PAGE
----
Sunday, 27 April 2014


My friend Natalia has posted a link to this blog on her Facebook profile. Basically, this is the story of a paper published in 1994 in the medical journal Diabetes Care

As it turns out, this paper "discovered" a method to: 
1) determine total area under a curve with precision; 
2) calculate area with varied shapes that may or may not intercept on one or both X/Y axes; 
3) estimate total area under a curve plotted against varied time intervals (abscissas), whereas other formulas only allow the same time interval; and 
4) compare total areas of metabolic curves produced by different studies.

Now, if you have so much as taken some basic calculus at some point in your life, you should realise that all this is actually done using the "trapezoidal rule", one of the basic ideas in calculus and integration.

The paper is relatively old (at least it dates back to an era prior to the massive development of the internet), but I think it is still quite bad that it got through peer review without nobody at Diabetes Care bothering to ask somebody outside their pool of expert reviewers (and with some mathematical skills) to check that the method was actually sound and innovative.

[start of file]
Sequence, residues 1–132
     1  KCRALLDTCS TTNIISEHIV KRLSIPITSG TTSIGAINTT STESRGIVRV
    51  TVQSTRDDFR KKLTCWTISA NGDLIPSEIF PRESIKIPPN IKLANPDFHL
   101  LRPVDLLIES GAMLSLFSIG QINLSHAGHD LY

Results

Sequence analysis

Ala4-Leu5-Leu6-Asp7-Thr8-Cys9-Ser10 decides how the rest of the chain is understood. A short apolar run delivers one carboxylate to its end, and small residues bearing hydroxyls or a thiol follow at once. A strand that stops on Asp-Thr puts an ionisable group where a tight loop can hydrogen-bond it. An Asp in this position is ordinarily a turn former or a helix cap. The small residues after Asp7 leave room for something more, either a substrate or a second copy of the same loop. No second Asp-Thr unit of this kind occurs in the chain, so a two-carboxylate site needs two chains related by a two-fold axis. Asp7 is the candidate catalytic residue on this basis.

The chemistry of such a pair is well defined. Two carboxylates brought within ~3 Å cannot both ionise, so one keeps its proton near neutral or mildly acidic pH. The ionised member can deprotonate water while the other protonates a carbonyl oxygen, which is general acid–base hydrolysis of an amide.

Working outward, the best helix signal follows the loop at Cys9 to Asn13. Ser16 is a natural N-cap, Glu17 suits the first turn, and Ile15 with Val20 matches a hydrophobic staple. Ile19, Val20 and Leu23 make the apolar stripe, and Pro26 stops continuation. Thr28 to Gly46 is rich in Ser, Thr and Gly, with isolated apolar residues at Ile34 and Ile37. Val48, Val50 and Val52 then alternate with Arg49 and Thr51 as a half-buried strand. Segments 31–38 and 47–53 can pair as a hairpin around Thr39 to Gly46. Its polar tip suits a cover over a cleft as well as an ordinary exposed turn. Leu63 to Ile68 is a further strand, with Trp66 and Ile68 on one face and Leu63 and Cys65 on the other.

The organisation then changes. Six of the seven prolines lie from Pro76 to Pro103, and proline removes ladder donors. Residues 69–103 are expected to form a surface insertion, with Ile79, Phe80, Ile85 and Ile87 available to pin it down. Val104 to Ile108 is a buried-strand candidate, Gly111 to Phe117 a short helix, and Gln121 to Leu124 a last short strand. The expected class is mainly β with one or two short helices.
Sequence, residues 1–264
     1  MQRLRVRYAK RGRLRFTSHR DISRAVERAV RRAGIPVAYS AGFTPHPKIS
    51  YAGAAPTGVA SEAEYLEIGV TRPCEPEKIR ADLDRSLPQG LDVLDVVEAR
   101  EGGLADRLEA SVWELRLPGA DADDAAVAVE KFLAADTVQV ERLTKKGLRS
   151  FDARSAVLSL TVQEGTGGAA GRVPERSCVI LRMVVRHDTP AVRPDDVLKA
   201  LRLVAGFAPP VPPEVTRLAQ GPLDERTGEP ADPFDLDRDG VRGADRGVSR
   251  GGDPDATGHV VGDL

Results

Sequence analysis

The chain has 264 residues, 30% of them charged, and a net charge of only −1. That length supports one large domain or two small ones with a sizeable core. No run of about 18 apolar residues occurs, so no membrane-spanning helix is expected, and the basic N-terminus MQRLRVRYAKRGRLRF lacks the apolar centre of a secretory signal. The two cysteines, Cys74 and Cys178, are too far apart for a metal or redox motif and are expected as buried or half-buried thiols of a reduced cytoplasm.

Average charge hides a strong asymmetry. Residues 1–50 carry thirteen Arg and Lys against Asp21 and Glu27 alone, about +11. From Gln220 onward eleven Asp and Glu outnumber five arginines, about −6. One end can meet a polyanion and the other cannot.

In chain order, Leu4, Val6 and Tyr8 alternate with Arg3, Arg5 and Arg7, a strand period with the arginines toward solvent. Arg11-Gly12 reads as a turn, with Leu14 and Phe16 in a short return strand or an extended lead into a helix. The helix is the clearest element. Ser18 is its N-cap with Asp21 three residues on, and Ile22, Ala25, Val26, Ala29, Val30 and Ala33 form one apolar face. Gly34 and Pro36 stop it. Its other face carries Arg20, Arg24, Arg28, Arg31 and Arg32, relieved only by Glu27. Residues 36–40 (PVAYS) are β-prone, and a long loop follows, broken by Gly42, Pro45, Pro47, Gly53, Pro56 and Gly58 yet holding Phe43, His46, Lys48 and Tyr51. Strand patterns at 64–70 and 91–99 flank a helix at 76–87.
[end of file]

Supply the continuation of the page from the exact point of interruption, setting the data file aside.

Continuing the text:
I've checked on the Web of Science (at the MRC Centenary workshop last month, Robin Henderson joked that people use it to check the number of citation of somebody else's papers $-$ but they use Google Scholars to check their own): the paper has 187 citations. What's even worse is that many of these are actually quite recent (as far as earlier this year)!

(I think the story is not new and quite a few people have already commented on it, for example here).


  1. Even more infuriating are the answers from the author, on the tune of "Hey, I did it myself alone, and it's not my fault if no-one thought of publishing before -- and by the way, I don't use trapezes, I use a triangle plus a rectangle." Read it for yourself right there:

  2. (PS: Andrew Gelman pointed to the same blog post on his own blog, and the reactions were similar to yours: )

  3. Well, if he did use a triangle + a rectangle, then maybe there really was some novelty in there... ;-)
    I didn't know about Andrew Gelman's post, but, as I said, I thought this may have been picked up before.